Because by standing still, you feel like you are moving backwards. This is why it is so important to keep learning, reviewing and refreshing.

As we all know, tango is a discipline that we can investigate for the rest of your lives if we choose to do so. For me one of the great joys of tango - apart from the feeling of the dance itself - is the sense that the journey never ends.

Unfortunately, too many advanced dancers feel that there is nothing out there for them. And sadly for some, a little spark dies with this recognition.

David and I are passionate about making sure our Advanced students always have opportunities to grow.

We have worked hard over the years to maintain a “true” Advanced class. We work only with those who we feel are ready for the class. We understand that “Advanced” can mean more complex sequences and movements, but it can also mean investigating the subtleties of the movements, the breath, the embrace.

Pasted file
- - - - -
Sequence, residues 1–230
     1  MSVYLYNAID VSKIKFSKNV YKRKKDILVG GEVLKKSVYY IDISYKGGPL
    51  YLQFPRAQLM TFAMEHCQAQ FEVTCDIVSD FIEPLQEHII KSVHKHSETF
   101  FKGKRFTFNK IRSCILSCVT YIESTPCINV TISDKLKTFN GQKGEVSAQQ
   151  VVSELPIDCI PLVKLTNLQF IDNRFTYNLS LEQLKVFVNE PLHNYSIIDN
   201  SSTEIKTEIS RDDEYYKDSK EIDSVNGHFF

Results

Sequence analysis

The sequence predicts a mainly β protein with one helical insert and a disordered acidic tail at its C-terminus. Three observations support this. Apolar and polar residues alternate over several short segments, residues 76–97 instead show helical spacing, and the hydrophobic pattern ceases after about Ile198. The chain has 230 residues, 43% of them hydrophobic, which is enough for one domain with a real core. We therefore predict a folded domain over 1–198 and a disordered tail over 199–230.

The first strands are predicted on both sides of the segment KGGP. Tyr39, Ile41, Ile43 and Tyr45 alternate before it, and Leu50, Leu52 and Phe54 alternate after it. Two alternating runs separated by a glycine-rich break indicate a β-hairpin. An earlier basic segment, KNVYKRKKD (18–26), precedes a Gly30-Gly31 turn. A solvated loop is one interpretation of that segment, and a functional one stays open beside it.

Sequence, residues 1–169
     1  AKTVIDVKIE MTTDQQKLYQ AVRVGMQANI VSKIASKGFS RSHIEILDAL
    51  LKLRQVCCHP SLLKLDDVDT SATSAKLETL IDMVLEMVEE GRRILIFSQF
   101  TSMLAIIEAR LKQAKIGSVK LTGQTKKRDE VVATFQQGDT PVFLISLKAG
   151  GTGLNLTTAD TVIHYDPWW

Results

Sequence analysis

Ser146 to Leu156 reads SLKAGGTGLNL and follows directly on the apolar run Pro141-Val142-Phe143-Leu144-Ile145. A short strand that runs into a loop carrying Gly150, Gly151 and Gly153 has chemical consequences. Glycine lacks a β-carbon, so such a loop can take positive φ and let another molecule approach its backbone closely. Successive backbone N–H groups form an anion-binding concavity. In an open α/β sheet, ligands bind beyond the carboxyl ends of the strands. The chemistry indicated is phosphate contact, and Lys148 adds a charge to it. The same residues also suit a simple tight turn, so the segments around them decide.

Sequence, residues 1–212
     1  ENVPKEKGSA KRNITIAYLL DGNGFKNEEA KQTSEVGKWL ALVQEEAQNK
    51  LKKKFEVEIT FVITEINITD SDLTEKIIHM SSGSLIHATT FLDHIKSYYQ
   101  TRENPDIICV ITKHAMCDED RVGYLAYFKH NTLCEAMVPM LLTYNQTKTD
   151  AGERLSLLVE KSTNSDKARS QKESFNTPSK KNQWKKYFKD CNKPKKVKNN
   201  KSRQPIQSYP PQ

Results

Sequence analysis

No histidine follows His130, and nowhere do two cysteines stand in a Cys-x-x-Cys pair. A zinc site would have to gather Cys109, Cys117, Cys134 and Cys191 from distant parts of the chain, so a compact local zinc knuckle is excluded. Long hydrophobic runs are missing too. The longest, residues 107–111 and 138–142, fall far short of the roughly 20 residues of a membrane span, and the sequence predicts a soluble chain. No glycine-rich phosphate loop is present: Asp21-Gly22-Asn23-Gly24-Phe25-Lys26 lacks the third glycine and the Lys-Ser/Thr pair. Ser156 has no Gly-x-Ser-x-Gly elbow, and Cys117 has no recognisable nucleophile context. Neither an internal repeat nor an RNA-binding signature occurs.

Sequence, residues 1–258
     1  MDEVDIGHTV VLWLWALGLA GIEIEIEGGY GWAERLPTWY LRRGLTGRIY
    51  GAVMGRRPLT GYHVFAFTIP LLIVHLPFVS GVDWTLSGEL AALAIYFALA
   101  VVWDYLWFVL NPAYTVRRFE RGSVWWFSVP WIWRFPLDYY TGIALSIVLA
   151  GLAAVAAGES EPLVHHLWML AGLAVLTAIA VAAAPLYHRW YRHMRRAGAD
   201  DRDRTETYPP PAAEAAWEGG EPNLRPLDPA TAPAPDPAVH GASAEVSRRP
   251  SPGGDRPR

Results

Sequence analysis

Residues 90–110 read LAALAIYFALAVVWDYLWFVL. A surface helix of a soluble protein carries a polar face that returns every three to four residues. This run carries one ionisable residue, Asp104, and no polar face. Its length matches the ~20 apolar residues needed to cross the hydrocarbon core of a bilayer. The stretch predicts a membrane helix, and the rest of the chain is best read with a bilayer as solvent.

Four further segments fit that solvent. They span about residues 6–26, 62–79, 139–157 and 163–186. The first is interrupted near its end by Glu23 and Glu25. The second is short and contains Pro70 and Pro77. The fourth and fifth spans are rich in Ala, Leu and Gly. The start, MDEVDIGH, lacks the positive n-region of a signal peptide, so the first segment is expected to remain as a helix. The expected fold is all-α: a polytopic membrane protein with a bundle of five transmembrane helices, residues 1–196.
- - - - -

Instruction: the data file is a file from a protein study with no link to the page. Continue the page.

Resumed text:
We also encourage our Advanced students to come to our Saturday Workshops with a practice partner. They can stay together during the partner rotations if they feel they would benefit more from this.

And if you’re not yet an Advanced dancer but are keen to come to our Advanced class to see what it’s like, our advice to you is: take your time! It sounds funny but you’ll make much faster progress if you take it slow! Tango success is based on a thorough understanding of the basics and sometimes it can take several years to realise that the basics are far from simple!

Our success as a school is partly down to making sure our classes “do what they say on the tin”. If you come to our Intermediate class, you expect Intermediate material and dancers of a similar level to you. And we work hard to make sure you get it!

Check out our LEVEL GUIDE and remember we’re always here to guide you on the very best class for you at your stage in your journey. Here’s to the road ahead!

We often talk about how tango changes the lives of those who dance it: creating joy, boosting confidence, giving purpose, forming friendships and communities ... even helping people to find their soul mate.

But what about tango helping to change the lives of the country who gave it to us: Argentina?